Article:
Death is a certain destination all men share, we know it is nature’s culture, and yet the simple reminder that any man could die at any time, any place, any how drives men to shudder, forget their joy, remember their God, or even pretentiously simulate the non-existence of death. Admittedly, generally life is a misery, if not today, certainly tomorrow, if not for you, for others. Doubtless, life is one piece of work that we moan about everyday, and yet we prefer it to death, and bend stones to avoid it. Curious, isn’t it? Perhaps, miserable as it is, life offers some certainties that death does not. After all, however miserable life is, the sky will still hold its place above, if the sun refuses to share its rays, the clouds may donate their rains, and sometimes, you may end the day with a smile on your face.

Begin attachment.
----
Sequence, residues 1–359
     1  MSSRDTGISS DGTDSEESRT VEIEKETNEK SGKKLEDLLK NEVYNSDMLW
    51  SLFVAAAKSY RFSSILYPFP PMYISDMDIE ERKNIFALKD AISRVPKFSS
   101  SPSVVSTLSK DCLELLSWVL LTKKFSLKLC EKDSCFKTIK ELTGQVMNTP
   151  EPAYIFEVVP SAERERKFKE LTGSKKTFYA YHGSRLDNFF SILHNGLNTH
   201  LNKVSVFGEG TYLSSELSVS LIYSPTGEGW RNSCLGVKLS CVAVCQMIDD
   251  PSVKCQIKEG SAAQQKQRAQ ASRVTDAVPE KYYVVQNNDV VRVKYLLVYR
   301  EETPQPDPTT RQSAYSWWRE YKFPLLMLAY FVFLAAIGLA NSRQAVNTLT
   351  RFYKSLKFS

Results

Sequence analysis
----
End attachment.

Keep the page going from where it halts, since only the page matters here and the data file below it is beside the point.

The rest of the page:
Then, methinks, what is unsettling about death is the uncertainty that it brings. For if we knew what death held forth, maybe, we might rather look forward to the exoticism that it holds, with the same, oft, mixed hope that we hold for the morning. It appears to me that, it is not death, but uncertainty itself that men fear. Uncertainty about tomorrow, marriage, parenthood, yes, death, and even God and the uncertain algorithm of His purported impending judgment, do unsettle us. Why is uncertainty so unsettling? Is it the ignorance? No, methinks not, for people often do not know what they do not know. But we know death, and yet we do not know it. Ah, it must be the knowledge of ignorance! To know that you do not know does set the mind in perpetual discomfort.
Yet that is even more curious. I might think that knowing what I do not know gives me the opportunity to find out, by some means, I should. For true ignorance is not knowing and not caring that you do not know, the uncertainty of uncertainty, the ignorance of ignorance. But search as I may, the uncertainty of death’s certainty is neither traceable by Google nor fathomable by statistics and probability. That I know I do not know, and cannot know is frightening, especially if I can only know when it comes for me. Even then, will I truly know?